Capturing Intimate Moments of the Latin Kings

Photo from Nicolas Enriquez's "Bloodline" series.

Photo from Nicolas Enriquez’s “The Bloodline” series

While a student at the International Center of Photography, Nicolas Enriquez, 21, took on the project of capturing the private lives of members of the Latin Kings, the largest Hispanic street gang in the U.S. with a membership of 35,000.

Bushwick Daily’s Katarina Hybenova reports from a Photo Brigade event in which the photojournalist, originally from Colombia, spoke about his photo series, entitled “The Bloodline.” The name refers to the New York state chapter of the gang.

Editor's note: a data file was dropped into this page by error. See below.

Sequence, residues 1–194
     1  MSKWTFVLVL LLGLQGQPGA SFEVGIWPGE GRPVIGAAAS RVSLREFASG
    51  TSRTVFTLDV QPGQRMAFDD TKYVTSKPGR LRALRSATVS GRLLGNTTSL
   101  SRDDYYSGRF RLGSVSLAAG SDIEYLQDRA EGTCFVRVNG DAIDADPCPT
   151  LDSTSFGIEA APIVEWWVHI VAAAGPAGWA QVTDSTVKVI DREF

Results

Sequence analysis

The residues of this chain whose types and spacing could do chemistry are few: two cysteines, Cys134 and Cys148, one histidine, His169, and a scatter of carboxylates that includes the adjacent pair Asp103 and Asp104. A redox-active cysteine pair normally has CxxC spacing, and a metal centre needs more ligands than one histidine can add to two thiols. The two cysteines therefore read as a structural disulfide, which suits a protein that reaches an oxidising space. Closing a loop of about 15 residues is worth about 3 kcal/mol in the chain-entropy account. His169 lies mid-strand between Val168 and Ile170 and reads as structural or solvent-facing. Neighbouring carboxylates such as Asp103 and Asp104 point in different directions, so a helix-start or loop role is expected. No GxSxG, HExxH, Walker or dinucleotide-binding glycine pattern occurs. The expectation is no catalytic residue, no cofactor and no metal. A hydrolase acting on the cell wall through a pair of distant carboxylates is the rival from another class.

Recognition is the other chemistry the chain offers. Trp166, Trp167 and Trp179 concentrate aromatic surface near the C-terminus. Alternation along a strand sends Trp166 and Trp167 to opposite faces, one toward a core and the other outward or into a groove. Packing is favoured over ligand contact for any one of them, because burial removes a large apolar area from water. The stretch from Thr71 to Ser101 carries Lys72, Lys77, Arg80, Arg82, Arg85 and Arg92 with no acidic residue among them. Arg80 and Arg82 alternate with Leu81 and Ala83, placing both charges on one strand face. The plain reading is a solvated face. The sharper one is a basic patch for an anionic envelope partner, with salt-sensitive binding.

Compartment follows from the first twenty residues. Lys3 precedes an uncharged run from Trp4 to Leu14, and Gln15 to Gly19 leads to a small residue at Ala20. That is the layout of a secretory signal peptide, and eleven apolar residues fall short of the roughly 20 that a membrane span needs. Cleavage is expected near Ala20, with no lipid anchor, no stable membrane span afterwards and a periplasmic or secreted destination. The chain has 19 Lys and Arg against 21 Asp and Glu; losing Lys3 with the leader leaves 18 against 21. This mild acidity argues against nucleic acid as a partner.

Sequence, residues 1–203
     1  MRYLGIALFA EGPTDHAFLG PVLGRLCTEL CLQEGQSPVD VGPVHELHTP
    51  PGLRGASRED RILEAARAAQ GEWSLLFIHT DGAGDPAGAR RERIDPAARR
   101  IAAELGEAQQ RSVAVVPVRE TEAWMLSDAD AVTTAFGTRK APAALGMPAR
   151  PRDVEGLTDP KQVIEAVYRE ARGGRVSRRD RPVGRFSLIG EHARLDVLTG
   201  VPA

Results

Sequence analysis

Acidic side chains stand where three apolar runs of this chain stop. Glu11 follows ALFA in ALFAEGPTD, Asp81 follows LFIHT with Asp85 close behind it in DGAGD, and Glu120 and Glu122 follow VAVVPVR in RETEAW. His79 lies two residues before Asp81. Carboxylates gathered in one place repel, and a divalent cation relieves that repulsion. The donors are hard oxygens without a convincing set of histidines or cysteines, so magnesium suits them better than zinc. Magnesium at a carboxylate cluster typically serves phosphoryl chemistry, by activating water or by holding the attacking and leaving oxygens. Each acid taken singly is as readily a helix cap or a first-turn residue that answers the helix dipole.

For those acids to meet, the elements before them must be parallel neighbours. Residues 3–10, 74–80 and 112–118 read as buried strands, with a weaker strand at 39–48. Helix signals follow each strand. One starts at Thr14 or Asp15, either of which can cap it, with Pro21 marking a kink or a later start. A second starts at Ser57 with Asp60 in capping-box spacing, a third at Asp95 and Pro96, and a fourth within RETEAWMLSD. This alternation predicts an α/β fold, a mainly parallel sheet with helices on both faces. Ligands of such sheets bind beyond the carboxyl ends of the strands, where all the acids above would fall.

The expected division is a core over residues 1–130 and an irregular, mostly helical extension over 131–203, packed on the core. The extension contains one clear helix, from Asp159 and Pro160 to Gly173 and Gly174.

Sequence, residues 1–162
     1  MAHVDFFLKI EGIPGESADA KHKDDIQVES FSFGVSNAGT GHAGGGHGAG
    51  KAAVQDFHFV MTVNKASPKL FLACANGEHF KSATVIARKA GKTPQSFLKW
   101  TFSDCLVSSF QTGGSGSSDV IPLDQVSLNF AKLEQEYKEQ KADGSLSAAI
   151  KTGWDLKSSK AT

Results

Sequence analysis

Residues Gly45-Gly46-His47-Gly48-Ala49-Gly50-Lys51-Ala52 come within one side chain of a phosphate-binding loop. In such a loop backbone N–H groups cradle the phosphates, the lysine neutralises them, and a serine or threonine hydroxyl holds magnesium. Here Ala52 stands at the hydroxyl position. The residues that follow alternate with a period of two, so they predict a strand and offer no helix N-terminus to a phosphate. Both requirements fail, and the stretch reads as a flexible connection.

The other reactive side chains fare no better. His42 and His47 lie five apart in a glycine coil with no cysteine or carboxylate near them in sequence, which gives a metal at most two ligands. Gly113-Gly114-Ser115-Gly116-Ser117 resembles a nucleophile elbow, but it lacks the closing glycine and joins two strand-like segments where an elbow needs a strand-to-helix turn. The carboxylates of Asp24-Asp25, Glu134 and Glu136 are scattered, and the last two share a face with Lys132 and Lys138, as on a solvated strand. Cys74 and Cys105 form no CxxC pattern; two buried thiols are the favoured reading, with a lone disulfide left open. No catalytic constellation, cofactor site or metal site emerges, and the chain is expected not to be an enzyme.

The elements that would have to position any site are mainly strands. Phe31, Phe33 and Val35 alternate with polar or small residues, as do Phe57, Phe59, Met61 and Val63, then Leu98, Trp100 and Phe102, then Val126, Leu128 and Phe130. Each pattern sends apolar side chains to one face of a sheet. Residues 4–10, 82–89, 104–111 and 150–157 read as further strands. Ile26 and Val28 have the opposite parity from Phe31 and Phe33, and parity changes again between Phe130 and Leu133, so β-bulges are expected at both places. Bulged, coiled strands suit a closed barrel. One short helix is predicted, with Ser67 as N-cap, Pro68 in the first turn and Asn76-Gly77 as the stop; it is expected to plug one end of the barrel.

Enriquez captured moments of intimacy – garnered through meals, walks and car rides he shared with members, as well as visits to their homes and parties in Brooklyn – that humanize the men. At the same time, Hybenova writes, the photographs tell “a story of solitude, oppression, and a lack of freedom — a life that is closer to a life of an inmate than that of a free man.”

“There is a lack of freedom about what they do. They live almost like in jail, there are a lot of police officers around them, every window has bars on it. They live in these projects and that’s their life, their business,” said Nicolas. “Living in projects is by itself a dangerous thing,” he explained. “There is a lot of claustrophobia, a lot of police officers, and other gang members are your neighbors. All this stuff happens in front of your door.”

How did Enriquez ever manage to gain the trust of the Latin Kings? Find out, and learn the photographer’s biggest takeaway from the experience, at Bushwick Daily.

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